You should consider locking tuners if you want to improve your tuning and ensure the strings are secure. In particular, this is important for anyone who uses the whammy bar or vibrato technique since both can detune the instrument significantly.
It should be noted that the effects are not the same as those of a locking nut or Floyd Rose, and you can still experience detuning if you use the tremolo excessively.
Locking tuners are designed to prevent strings from slipping and ensure that your guitar is always in tune. Among the ways to improve the tuning stability of your instrument is to do this.
However, there are a couple of reasons why your guitar might go out of tune, and not all of them are related to tuning pegs. Tuning stability can be affected by many factors, including the nut, bridge, strings, and playing technique.
Nevertheless, tuning pegs do have an effect, at least in part.
Do Locking Tuners Affect Tone?
Their weights constitute a significant difference between regular tuners and locking tuners. Tuners that lock are heavier, so you may feel it when you touch the headstock. However, many players enjoy the feel of the heavier headstock, which makes a difference in their playing style.
Despite this, locking tuners do not affect tone. It is also possible for a player’s playstyle to change if they notice the difference in weight and feel different. The difference in tone will be the result of a change in technique.
However, locking tuners hold the strings in place and do not affect tone. When the strings are placed correctly, that is. Occasionally, you might get a dull sound from the string if you do something wrong.
Pickups produce the sound on the electric guitar, as you probably already know. Therefore, you should pay attention to the pickups and amplifiers you’re using to determine the tone. Even though every other part of the guitar and equipment contributes to the sound, they are not nearly as important as the pickup/amplifier combination.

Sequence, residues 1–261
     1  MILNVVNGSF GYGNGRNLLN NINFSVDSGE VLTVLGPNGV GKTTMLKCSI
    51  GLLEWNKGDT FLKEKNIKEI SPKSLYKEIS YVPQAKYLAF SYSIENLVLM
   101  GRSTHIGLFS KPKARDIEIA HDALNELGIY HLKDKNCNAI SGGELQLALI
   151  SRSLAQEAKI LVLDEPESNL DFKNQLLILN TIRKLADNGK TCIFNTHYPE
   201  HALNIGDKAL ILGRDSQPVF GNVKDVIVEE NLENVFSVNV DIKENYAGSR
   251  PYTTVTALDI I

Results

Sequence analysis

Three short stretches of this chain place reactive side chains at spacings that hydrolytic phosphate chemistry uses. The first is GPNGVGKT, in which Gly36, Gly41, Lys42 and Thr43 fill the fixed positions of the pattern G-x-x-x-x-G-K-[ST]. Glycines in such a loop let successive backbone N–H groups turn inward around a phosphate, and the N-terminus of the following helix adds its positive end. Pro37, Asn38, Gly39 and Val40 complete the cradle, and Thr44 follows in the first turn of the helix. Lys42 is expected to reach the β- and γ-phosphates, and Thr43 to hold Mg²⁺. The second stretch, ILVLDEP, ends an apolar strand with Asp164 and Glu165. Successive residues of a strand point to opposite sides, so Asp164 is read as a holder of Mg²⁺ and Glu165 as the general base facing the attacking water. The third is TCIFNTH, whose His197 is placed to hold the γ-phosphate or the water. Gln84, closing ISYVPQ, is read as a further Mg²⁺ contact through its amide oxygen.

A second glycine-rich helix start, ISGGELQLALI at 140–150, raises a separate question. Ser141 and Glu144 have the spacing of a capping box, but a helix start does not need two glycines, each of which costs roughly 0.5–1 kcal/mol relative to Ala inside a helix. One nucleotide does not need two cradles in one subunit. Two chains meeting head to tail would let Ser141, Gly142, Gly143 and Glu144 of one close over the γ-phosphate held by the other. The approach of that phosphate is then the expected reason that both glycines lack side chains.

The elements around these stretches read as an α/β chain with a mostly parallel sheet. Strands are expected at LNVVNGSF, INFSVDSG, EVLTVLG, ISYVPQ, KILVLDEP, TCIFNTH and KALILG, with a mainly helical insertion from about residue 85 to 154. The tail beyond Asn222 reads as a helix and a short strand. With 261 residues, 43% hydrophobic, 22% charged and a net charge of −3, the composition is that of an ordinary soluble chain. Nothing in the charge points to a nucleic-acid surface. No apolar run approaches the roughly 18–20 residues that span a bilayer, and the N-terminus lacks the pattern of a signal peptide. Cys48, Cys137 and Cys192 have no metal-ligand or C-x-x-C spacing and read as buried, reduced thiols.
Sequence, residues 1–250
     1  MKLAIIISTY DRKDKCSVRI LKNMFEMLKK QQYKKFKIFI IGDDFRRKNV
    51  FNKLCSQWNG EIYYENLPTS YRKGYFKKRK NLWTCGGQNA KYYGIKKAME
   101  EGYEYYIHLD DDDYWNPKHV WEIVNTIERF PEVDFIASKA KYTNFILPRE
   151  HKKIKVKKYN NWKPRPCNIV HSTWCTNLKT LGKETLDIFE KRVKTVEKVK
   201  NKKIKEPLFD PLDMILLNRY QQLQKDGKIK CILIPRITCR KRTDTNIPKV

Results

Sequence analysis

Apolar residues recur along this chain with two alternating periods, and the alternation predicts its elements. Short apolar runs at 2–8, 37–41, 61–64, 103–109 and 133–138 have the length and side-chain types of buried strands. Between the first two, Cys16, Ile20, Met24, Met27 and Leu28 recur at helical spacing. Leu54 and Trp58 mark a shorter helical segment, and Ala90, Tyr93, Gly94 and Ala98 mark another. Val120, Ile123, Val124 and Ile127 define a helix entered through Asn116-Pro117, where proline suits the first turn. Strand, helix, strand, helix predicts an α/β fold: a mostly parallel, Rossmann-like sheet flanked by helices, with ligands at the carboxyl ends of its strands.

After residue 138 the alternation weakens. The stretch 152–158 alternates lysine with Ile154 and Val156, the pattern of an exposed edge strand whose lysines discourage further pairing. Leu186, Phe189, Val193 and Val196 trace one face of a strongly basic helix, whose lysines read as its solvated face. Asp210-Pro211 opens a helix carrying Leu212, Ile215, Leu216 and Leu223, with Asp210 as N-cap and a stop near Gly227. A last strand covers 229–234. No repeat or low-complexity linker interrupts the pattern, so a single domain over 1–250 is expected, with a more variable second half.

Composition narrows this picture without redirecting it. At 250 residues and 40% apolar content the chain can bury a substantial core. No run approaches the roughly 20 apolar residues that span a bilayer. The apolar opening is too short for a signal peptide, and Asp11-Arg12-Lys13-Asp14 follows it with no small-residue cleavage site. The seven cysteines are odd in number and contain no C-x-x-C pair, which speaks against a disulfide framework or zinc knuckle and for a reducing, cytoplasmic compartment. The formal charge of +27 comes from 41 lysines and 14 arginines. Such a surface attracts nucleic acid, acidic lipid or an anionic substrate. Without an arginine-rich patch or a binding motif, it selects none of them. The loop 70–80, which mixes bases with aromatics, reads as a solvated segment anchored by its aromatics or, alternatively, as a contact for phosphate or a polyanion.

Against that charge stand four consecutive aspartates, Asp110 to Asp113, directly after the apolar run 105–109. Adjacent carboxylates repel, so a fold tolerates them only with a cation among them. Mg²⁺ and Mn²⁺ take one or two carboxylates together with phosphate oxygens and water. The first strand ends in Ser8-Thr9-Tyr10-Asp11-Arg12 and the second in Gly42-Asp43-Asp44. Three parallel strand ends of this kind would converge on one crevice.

If the wood is different, the player may hear a difference when playing unplugged, but the difference will be unnoticeable when playing on stage with other instruments. In other words, you can replace your tuners with locking ones without worrying about tone changing.
Are Locking Tuners Worth It?
Locking tuners are almost the same price as regular ones, so the answer is yes. It depends on what you enjoy. This might not be worth it for players who don’t enjoy locking tuners.
However, if you are looking for something different and like the idea of having locking tuners, then the answer is yes, every player is different, and every player enjoys different things.
There’s no denying that locking tuners are great, and they speed up the process of restringing guitars a lot. Moreover, the strings will not slip, as we already mentioned.
Many players will check the price first and wonder if these few extra advantages are worth the price difference. Since there is no difference in value between regular and locking tuners, the answer is obvious.
Do I Need Locking Tuners?
It can be a bit complicated to answer this question. Each player is different, and some may dislike the locking tuners, while others may find them beneficial. However, many players put locking tuners on their guitars immediately after buying them, and the answer is evident.
Are you interested in locking tuners? Are you interested in locking tuners? Locking tuners aren’t necessary for you. However, if you like experimenting with “new” tech, they can be pretty valuable to you as a player. If you are a touring guitarist, you might appreciate the idea of reducing the time needed for restringing.